Thursday, 19 March 2020
An Bille Sláinte (Caomhnú agus Cosaint agus Bearta Éigeandála Eile Ar Mhaithe Le Leas an Phobail), 2020: An Dara Céim - Health (Preservation and Protection and other Emergency Measures in the Public Interest) Bill 2020: Second Stage
Denis Naughten (Roscommon-Galway, Independent)
We have seen on social media Italian healthcare workers being applauded by their neighbours on their way to work each morning. I say to the doctors, nurses and all the healthcare staff, both in hospitals and the community, that we, the Members of the Regional Independent Group, applaud each and every one of them for the personal sacrifices being made to protect each and every one of our citizens in this very difficult time. I thank them.
I also thank the gardaí, members of the Defence Forces, welfare and Health Service Executive staff and all those stepping up to what is being asked of them in every community across Ireland. The simple fact is that the faster the virus spreads, the greater will be the loss of life. If we allow the coronavirus to run amok through the population, we face an abyss. It will leave tens of thousands of homes across Ireland without a parent, a grandparent, a brother, a sister, a son or a daughter. The public must remember that in stark figures the difference between the current mortality rate in Ireland and Italy is an average of one death for every home in Ireland.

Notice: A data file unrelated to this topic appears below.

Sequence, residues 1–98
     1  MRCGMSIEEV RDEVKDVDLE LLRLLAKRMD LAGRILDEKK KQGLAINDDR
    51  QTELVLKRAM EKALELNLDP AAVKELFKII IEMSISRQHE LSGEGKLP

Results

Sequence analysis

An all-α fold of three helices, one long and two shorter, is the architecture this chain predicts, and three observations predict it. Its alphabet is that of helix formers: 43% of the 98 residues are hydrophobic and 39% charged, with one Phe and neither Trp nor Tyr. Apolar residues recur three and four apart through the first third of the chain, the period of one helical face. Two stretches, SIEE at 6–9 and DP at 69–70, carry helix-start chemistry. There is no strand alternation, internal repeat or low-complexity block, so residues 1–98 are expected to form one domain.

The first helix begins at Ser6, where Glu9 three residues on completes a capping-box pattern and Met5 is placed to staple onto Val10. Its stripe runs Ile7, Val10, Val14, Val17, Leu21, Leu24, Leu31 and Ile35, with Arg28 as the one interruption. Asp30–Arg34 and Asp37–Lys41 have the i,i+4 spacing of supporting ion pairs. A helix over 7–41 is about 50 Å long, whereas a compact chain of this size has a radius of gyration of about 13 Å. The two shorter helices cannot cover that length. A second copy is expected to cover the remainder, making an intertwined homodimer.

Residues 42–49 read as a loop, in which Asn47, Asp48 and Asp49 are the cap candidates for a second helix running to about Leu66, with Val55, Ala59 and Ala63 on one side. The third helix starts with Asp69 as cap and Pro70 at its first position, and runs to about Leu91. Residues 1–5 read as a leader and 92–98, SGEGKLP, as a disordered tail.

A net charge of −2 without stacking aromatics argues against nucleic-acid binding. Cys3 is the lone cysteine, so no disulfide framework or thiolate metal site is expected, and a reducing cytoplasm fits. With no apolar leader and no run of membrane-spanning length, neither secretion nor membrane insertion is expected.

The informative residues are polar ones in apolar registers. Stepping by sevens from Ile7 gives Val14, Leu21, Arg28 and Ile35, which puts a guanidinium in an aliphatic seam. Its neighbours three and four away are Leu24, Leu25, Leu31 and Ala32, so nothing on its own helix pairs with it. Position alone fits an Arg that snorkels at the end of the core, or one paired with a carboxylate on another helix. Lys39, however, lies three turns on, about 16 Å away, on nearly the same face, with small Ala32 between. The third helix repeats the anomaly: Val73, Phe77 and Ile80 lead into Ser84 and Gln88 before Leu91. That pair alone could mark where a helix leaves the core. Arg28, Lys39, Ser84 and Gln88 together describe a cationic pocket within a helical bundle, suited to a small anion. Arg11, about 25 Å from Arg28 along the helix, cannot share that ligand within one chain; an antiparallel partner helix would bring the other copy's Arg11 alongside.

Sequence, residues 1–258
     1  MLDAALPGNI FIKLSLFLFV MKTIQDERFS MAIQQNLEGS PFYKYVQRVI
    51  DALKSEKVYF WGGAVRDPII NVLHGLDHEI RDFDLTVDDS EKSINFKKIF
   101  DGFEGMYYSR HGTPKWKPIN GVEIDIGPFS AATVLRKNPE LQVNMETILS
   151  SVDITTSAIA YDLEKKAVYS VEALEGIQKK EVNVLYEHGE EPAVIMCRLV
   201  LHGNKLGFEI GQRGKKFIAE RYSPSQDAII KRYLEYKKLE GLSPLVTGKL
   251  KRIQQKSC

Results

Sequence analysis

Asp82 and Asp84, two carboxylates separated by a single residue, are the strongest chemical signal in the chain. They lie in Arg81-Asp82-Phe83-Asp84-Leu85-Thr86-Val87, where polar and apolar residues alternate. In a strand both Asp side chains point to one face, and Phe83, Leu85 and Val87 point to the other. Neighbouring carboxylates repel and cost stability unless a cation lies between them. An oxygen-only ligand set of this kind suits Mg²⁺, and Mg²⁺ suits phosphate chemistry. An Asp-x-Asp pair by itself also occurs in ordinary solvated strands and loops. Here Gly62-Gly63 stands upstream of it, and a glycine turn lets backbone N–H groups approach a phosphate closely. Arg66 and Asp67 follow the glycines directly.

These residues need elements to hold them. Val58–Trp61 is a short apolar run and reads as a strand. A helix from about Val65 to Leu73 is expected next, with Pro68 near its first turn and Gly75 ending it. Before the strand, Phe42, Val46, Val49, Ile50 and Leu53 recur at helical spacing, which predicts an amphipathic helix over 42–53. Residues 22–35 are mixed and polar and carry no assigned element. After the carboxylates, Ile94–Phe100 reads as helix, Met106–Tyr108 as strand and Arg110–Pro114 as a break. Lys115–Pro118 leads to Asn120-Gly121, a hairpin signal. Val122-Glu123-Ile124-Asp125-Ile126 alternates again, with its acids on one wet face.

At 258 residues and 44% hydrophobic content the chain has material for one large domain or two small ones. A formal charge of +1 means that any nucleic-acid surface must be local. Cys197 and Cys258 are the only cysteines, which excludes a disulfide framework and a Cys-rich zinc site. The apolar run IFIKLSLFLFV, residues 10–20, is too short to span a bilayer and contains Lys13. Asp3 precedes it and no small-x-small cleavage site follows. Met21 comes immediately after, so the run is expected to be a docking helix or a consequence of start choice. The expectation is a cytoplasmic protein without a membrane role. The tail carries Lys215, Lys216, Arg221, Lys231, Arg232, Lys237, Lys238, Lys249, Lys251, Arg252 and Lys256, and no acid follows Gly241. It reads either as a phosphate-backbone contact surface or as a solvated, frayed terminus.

As a consequence of these potential figures, we in the Regional Independent Group support the legislation. Although we are putting forward some suggested amendments to strengthen the legislation, we are doing this in a sense of solidarity as we believe the provisions are needed at this point to curb the rate of coronavirus infection.
The Bill provides far-reaching powers in regard to gatherings, events and travel, which is understandable to deal with the current exceptional threat to human life. It also includes the power to detain a person against his or her will, if necessary, to prevent the spread of Covid-19. These are powerful legal provisions which must only be used specifically to deal with the current national health crisis. That this legislation makes provision for these powers to be continually renewed without the prior approval of Dáil Éireann, not only to deal with Covid-19 but any variant of the disease, potentially means that these powers could be with us for decades to come. The Regional Independent Group is concerned about such draconian powers being available to any Government for decades to come. We welcome Government acceptance of our proposal for an end date, a sunset clause, to enable repeal of this law when the current threat has abated.